When Claire Nelson travels to another city from her home in Detroit, she likes to get past the “tourist stuff” quickly and dive into what really interests her: How are local urban leaders making their city more equitable and welcoming? What kind of problems is the city facing? What solutions are helping the city overcome these problems, and how could those solutions be applied to other cities?
But finding a place to engage urban innovators in other cities, particularly when you don’t already have connections there, isn’t always easy. So Nelson is creating a network of spaces across the country where such exchanges can take place.
On April 1, the first Urban Consulate brick-and-mortar space will open in Detroit in the parlor of a historic house in Midtown’s Cass Corridor with an afternoon of tea and conversation. That same day, the first pop-up parlor in Philadelphia will be held at Le Meridien hotel. (Find more details on the kickoff and other upcoming events in Philly, Detroit and New Orleans here.)
Nelson, who has launched and led a number of Detroit projects to promote quality of place and civic engagement, says she envisions the parlors as a sort of embassy for cities, hosting urbanists and the “urban curious.”
While Nelson says they plan to experiment with a variety of programming, the main focus is to create a space for conversation. “We want people who are really interested in listening and learning to be able to sit down, stop, unplug and have some time to meet other people doing cool work locally,” she says. There is already a wide offering of events planned — from cocktail parties, to an urbanism book club, to a discussion on women-friendly cities — all aimed at sharing the best ideas for shaping urban life.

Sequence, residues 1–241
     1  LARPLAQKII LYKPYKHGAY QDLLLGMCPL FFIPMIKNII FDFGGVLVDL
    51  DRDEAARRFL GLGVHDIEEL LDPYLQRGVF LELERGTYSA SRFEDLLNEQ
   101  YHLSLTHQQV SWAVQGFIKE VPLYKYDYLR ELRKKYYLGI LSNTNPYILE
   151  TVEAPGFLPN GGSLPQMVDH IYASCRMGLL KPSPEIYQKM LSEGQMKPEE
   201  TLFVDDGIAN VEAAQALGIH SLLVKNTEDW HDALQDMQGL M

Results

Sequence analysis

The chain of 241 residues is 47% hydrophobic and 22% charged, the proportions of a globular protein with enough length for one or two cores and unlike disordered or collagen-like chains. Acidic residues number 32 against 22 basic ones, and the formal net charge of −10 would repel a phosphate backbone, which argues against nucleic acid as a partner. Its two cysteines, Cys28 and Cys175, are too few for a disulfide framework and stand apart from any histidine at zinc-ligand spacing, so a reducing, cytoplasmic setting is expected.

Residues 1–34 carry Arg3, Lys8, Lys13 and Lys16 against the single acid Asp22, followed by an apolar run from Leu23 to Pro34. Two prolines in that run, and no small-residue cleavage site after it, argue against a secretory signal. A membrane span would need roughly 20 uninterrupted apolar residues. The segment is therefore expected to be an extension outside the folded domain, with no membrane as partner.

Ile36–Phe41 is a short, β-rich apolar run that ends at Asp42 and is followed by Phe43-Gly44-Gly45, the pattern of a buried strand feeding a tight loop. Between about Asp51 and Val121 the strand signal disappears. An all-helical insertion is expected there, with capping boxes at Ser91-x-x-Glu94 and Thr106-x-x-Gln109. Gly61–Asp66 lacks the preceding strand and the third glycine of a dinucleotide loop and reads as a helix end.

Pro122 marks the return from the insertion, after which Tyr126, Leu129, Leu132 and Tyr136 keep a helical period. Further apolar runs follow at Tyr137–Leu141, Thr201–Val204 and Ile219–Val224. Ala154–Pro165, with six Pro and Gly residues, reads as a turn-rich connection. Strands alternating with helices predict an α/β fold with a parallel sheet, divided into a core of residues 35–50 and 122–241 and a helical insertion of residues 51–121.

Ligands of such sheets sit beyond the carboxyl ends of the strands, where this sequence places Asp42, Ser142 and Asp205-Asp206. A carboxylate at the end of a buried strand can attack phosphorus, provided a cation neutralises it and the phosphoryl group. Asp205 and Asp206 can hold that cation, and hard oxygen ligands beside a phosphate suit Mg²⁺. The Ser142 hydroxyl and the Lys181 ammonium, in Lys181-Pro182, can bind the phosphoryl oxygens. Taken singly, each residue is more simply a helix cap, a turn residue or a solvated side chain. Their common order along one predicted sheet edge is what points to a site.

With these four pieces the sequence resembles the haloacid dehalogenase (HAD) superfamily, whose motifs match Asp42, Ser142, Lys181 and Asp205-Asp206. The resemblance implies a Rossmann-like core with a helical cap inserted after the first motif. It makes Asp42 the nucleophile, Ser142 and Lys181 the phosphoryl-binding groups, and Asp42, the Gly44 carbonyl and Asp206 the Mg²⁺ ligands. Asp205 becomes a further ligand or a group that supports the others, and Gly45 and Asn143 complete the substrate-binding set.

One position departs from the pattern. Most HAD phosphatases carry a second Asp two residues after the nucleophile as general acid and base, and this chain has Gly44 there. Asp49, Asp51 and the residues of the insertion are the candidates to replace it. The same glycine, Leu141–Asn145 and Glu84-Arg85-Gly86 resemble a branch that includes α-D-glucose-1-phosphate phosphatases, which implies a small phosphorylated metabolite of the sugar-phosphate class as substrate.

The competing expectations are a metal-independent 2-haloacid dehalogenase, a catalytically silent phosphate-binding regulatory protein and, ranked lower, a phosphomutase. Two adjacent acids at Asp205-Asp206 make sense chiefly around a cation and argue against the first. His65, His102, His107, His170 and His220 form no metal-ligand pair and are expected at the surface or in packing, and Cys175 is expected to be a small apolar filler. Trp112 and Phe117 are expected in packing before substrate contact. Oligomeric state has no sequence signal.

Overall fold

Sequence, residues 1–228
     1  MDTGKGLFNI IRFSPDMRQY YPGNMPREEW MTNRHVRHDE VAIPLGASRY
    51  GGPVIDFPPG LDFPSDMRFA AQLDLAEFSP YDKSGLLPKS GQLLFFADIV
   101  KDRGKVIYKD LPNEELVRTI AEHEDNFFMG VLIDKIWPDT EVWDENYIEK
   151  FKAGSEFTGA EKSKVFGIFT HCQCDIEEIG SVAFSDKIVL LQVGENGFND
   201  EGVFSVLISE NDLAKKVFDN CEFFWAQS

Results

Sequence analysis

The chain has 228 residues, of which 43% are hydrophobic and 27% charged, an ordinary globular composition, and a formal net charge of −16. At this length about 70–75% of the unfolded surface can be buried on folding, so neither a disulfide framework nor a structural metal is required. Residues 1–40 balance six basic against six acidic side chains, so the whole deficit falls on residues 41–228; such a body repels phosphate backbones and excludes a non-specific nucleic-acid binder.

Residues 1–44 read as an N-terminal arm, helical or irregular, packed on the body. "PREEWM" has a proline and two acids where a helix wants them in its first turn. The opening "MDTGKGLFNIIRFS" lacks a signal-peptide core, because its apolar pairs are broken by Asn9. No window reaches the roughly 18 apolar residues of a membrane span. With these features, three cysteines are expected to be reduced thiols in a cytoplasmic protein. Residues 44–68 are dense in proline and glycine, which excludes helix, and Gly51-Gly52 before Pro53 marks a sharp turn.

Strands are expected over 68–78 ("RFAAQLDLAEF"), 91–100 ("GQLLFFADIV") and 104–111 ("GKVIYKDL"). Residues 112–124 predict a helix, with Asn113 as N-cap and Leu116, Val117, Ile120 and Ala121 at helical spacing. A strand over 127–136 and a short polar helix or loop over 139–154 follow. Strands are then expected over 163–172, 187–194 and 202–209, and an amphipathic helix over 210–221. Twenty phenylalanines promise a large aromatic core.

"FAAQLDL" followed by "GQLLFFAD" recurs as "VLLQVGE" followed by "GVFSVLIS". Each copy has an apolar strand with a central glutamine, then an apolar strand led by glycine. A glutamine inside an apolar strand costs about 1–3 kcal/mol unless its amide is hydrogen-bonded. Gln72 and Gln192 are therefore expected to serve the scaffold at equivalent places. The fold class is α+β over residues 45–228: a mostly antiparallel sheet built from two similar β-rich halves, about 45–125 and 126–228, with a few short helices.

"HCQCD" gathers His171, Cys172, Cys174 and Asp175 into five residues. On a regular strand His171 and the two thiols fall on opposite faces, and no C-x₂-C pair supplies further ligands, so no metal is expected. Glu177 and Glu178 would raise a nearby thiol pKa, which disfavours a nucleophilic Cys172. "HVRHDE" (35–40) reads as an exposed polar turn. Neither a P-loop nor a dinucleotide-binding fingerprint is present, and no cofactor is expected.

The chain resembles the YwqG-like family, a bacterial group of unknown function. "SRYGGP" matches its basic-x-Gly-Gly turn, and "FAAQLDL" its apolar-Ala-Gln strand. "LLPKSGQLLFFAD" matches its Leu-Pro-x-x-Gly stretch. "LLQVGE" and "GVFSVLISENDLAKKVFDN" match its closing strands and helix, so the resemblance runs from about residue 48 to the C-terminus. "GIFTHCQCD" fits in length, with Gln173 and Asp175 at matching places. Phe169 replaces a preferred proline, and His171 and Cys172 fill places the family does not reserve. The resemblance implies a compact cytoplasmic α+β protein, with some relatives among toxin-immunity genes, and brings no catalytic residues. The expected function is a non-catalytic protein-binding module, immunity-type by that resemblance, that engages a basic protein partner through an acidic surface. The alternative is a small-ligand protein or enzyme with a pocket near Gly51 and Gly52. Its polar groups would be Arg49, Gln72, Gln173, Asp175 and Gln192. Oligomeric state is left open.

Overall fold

Programming will also be shaped around individual cities’ needs. For example, Detroit’s Urban Consulate is planning co-working hours for writers and researchers, while Philadelphia’s Consulate will initially be focused on building connections in spaces the city already as.
Nelson is purposefully a bit vague about what the Urban Consulate is and can be. “We want to gather input from all of the communities we’re working with about what’s helpful and what’s needed,” she says. “We’re not setting out to replicate anything that’s already working.”
Often, Nelson says, cities can feel alone in their problems, even though cities ranging from Washington, D.C., to Oakland, California, are dealing with very similar challenges. She hopes Urban Consulate will connect innovators with their “twins” in other cities to foster a sharing of ideas and solutions.
“I’m excited about the idea that we could feel more powerful if we’re part of an urban network all trying to solve problems and share solutions,” she says. “We can build more momentum if we’re all in this together.”
To get the cross-city conversation started, the Urban Consulate team made a three-episode video series called “Change & The City.” Check out the first video below.
Kelsey E. Thomas is Next City’s associate editor.